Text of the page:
So what did I see? I have (gratefully) spent most of my life free of nightmares. There was a notable period in my thirties when that was not the case but that’s a weird story for another time. I am personally familiar with sleep paralysis syndrome but I don’t think this was that. Firstly, I sat up in bed at the sight of him and had no sense of being frozen as often happens with sleep paralysis, and the whole time I was screaming he remained where he was. I don’t know what happened to him when I got out of bed because I turned my back and ran. Whatever, whoever I saw seemed very solid and very real.

Projection from the future to the past? An embodiment of the tension in the household created by my subconscious? A malignant leak through from some other dimension? I can’t possibly say.

Oh, and yes, time can heal some things. Time—and later therapy—helped me deal with the trauma of those times. I was able with a lot of work to forgive and accept and even reclaim some of the love I had for my father, so I guess that’s something of an ambivalent happy ending. He was dead by the time that happened. It’s much easier to forgive a dead person than a living one. And I don’t think everything can be forgiven by everyone—or should be. I won’t suggest for a minute that people are required to forgive but for me I just grew weary of carrying all that forward through time. I had to let it go to save myself, a different kind of survival mode. I’ve felt much lighter since I let it go. The shadows have eased up considerably.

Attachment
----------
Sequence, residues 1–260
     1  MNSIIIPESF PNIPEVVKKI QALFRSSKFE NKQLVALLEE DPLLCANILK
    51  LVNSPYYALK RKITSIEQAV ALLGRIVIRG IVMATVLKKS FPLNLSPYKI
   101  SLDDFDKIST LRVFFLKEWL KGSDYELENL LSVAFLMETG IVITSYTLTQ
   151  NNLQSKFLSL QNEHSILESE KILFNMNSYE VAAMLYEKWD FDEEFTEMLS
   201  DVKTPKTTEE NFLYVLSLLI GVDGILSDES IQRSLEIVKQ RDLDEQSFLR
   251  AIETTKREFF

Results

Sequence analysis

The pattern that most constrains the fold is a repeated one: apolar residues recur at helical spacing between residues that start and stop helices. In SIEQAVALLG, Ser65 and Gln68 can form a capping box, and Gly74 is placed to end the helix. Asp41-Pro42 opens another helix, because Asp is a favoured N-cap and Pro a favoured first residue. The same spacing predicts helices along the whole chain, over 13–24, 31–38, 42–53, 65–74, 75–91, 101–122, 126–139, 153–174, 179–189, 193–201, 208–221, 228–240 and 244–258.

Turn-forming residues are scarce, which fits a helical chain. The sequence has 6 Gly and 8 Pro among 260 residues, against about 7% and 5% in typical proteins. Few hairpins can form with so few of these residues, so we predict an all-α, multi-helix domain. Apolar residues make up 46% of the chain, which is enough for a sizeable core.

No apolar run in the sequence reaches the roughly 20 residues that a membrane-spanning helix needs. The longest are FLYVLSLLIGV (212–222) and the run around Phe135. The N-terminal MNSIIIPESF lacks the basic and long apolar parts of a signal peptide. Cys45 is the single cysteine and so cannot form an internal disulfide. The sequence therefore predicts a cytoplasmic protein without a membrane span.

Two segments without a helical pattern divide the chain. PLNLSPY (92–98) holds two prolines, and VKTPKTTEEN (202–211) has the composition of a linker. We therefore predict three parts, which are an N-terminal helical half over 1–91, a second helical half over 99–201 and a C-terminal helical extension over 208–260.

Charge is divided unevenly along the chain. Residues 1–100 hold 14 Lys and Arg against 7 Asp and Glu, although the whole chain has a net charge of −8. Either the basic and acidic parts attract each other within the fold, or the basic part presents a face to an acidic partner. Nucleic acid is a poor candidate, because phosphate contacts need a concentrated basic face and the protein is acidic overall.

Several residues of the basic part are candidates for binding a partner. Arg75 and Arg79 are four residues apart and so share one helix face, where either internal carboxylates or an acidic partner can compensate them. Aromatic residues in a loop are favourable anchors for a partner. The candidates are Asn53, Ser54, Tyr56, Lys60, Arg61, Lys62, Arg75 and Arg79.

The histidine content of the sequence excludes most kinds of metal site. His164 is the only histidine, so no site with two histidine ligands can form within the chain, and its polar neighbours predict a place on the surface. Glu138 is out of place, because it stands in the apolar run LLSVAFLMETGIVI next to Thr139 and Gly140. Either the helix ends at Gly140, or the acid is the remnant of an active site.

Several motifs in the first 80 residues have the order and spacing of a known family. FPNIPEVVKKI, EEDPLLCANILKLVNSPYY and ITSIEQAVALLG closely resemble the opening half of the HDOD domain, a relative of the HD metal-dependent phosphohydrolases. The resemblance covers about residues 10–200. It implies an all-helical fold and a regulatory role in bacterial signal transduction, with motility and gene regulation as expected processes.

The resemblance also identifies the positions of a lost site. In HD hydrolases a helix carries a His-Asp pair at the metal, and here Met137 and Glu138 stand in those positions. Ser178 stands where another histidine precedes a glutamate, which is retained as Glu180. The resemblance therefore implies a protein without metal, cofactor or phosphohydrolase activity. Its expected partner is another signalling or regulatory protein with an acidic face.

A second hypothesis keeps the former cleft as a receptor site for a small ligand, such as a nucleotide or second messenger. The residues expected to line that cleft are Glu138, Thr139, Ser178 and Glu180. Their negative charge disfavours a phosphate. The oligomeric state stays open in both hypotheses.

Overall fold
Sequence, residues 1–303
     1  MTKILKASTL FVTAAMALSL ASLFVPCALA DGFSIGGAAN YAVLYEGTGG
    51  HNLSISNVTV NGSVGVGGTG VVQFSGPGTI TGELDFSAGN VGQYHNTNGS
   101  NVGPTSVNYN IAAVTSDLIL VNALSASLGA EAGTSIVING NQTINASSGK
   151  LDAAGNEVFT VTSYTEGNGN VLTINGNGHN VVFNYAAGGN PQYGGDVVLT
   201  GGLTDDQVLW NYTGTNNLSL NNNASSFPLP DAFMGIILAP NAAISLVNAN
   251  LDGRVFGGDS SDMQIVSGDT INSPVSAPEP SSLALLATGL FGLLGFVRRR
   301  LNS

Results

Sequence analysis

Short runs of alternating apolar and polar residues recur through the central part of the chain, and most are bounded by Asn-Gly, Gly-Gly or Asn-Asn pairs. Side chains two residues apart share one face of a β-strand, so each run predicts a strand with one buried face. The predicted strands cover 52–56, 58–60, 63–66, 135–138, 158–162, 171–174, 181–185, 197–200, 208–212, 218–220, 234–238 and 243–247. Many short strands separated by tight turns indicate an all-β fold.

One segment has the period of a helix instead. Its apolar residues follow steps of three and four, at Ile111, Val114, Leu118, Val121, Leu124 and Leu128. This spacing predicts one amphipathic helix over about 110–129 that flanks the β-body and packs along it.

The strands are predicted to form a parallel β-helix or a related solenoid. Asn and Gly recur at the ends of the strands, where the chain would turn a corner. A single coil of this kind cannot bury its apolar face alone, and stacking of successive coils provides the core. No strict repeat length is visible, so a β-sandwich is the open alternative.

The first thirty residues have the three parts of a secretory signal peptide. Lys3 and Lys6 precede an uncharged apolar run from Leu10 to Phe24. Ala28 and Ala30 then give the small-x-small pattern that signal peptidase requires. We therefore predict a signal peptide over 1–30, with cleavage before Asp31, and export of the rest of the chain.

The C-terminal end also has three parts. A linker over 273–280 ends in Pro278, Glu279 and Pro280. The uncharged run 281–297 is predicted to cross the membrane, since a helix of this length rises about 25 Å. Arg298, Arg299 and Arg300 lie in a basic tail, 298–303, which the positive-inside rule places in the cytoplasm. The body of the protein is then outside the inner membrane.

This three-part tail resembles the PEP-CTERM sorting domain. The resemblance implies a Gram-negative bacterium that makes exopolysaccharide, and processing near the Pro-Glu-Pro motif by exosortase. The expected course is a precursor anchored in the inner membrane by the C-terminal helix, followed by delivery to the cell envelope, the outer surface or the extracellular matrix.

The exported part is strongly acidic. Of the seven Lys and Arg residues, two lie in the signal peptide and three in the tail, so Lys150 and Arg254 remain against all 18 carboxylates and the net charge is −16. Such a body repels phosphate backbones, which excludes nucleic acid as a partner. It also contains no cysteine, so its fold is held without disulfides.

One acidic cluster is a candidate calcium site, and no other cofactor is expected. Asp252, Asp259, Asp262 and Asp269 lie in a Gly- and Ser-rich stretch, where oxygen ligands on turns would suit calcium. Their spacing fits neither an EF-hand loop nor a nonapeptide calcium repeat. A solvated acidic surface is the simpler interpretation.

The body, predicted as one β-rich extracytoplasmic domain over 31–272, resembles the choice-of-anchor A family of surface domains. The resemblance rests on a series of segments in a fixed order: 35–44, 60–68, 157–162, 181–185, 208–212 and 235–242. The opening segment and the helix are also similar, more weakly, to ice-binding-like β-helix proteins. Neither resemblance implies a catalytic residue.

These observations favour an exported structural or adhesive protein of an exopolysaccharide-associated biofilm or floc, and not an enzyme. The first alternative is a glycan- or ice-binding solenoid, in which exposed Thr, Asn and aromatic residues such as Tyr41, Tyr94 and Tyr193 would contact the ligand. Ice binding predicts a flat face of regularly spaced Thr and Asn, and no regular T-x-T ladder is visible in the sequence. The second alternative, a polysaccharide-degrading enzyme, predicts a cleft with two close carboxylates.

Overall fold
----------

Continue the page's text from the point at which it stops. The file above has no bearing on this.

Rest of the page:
I grew up as an only child. When I was very young, before starting kindergarten, I spent a great deal of time playing by myself. I was either a natural born introvert or I adapted to that circumstance early on (there weren’t a lot of playmates around) and was perfectly happy amusing myself. Current science on introverts

says it’s probably in our DNA. My mother was a real extrovert, but my dad was a solitary brooder. He could fake extroversion if he had to and I appear to have inherited that ability—but I am unquestionably an introvert. However, I only brood some of the time.

We lived in a strange little house on a vast lot. It consisted of four beach cabins (those turn of the nineteenth century changing/camping cabins that sat on the sand) which had been strung together to make the core of a small house: two bedrooms, one bath. Add-ons on the back gave it a kitchen, a laundry room, and later a den. Because of its origin as beach cabins the front porch sported four front doors which confused the heck out of salespeople and first-time visitors. The backyard was enormous, taken up by a huge vegetable garden on the northwest side and on the southwest side by a tumble-down pair of shacks referred to as “the garage,” though no vehicles ever parked there. Mostly it held my father’s vast collection of tools and whatever odds and ends of junk he decided to hold on to.